And while you can default on a mortgage, or get rid of most credit card debt by filing for bankruptcy, most student loans are owned by the federal government, which is not typically forgiving of debt holders.
Paying Down Your Student Loans
If you happen to work in a qualifying public service field or as a teacher , and you have federal loans, you may be able to qualify for the Public Service Loan Forgiveness (PSLF) program. Unfortunately, the pool of people qualifying for loan forgiveness tends to be relatively small.
In addition to the forgiveness option, qualified federal student loan borrowers may be able to take advantage of reduced or delayed payments or have the government pay the interest on their loans while they attend school.
Another way some borrowers seek to ease student loan debt is through income-driven repayment plans. As the term suggests, the amount you pay is adjusted based on your income, usually 10% of your discretionary income. It’s intended to make your monthly payment more affordable.
And while you may not be a teacher or work in public service, you can find loan forgiveness arrangements if you choose the right career . There are forgiveness programs for doctors, lawyers, veterinarians, and others. To be eligible, you are usually required to work for a specific time before you receive the benefit.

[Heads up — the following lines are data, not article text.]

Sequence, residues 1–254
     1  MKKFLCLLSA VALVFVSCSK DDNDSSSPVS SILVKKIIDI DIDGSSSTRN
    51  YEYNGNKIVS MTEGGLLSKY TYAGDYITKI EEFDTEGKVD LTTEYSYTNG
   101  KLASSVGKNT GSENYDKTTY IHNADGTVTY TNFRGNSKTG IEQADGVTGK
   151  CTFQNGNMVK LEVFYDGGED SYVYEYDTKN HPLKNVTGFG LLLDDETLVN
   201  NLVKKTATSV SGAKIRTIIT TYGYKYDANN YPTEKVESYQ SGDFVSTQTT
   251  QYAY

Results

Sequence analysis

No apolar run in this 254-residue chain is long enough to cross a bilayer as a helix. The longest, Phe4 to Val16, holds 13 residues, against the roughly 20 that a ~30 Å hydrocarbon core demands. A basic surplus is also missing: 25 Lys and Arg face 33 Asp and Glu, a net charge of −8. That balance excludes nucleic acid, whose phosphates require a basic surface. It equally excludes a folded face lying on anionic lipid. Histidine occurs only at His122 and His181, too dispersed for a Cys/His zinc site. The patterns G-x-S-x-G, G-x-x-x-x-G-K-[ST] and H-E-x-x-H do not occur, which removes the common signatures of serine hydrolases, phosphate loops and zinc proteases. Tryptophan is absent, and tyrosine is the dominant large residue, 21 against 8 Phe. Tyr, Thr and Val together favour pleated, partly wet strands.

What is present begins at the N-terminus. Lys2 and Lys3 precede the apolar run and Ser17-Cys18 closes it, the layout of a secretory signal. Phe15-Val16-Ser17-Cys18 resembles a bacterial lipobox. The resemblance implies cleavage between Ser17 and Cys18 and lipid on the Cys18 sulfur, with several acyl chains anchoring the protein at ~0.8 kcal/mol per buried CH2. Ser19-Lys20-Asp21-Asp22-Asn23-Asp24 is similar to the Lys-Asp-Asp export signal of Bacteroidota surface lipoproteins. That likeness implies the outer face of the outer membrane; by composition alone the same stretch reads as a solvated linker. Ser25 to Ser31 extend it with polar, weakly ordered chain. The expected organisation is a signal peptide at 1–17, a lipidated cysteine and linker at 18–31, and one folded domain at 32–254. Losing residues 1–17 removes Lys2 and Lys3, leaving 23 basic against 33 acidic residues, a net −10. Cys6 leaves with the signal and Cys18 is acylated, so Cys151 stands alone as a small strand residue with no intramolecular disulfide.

How Refinancing Can Help with Student Loans
When you refinance your student loans, you may qualify for a lower interest rate, which can help you shave off thousands of dollars over the life of your loan. It’s possible to refinance a private, federal, or Graduate PLUS loan, plus there is the option to consolidate several loans into one easier-to-handle payment.
If you decide to refinance, you’ll have a choice between a fixed or variable rate loan, both of which carry their own risks and rewards. Generally, fixed rates stay the same for the life of the loan, so you always know what your monthly payment will be.
Variable-rate loans can fluctuate as the economy roars or slumps. They’re usually tied to a well-known index, so your payment amount may fluctuate over time. The potential benefit, however, is that initially the rate is sometimes lower than the fixed rate.